Veteran Coburn (No Way Home, 1992, etc.) hails from New England, but his new mystery, first published in England in 1984, is new only to Americans. Everyone in the small New Hampshire oceanfront town of Boar’s Bluff, even outsiders living in summer rentals, is shocked when the body of local dentist Stephen Dray washes ashore, shot to death. Hetty Nelson, the beachcomber who finds the body, knows that when she phones the sheriff’s office she’ll get either widower Paul Jenkins, the town’s beloved and respected sheriff, or his deputy, sadistic wife-beater Wilbur Cox, who covets the sheriff’s job. State Detective Haas, tossed into this powder keg to help with the investigation, is kept busy with Dray’s numerous extramarital girlfriends, his long-suffering wife Cora, and her dimwitted brother Bud Brown. The Sheriff’s laudable attempt to focus on the three handsome women in a nearby beachfront rental is soon complicated by a second murder—the victim this time Lyman Arnold, the no-good son-in-law of town VIP Ed Robertshaw—and by a vicious attack on Bud Brown, who lies comatose in the hospital. It takes all the skills of the sensitive Jenkins to ferret out the secrets behind the carnage.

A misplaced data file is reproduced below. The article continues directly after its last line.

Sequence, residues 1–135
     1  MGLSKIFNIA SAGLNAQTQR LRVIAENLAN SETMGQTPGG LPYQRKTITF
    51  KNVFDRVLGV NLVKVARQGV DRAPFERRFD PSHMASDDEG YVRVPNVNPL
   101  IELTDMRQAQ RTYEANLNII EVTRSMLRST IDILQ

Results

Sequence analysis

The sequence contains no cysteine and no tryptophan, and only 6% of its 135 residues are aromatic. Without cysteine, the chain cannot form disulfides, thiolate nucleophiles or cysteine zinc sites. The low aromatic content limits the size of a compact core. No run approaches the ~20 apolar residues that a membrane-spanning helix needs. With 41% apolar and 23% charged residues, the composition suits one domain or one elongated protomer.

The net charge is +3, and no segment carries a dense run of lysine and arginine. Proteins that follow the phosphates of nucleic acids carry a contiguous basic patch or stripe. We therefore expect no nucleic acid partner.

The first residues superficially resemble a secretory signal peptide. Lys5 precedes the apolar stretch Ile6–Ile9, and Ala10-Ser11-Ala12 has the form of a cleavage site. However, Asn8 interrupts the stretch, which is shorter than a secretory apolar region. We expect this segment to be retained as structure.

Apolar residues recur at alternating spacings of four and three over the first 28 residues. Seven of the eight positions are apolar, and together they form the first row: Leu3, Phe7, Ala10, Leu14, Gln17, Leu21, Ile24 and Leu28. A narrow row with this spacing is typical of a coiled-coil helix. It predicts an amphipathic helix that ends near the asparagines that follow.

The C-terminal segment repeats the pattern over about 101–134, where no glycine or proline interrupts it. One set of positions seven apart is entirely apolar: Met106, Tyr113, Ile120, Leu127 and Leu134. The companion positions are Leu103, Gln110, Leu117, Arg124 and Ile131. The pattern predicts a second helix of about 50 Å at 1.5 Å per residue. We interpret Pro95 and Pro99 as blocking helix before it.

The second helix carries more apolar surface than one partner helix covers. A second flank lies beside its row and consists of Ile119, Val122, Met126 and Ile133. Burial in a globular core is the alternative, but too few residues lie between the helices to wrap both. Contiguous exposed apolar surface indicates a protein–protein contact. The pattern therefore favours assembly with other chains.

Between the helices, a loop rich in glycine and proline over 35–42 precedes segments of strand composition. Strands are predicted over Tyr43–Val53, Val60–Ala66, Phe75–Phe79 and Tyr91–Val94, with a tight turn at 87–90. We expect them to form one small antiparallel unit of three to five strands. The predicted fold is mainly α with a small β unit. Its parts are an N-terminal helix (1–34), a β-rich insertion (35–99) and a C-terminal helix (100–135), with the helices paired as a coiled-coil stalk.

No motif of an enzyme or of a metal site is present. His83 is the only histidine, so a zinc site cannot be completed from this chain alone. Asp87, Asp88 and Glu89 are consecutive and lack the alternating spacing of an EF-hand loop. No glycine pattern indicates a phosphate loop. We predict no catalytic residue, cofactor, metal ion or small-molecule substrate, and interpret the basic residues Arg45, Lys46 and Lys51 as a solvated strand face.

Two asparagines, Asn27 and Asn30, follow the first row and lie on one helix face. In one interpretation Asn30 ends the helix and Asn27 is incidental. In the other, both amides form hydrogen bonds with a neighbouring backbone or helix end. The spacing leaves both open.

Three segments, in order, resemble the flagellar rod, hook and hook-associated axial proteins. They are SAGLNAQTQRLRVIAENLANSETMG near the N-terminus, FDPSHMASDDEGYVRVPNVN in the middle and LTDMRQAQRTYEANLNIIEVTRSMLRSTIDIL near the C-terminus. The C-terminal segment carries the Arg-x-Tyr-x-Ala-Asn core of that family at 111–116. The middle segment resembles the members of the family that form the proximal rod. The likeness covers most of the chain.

Coburn’s style is terse, almost staccato, but his formidable skill at character portrayal and plot development would make the publication of his British backlist more than welcome on his native shores.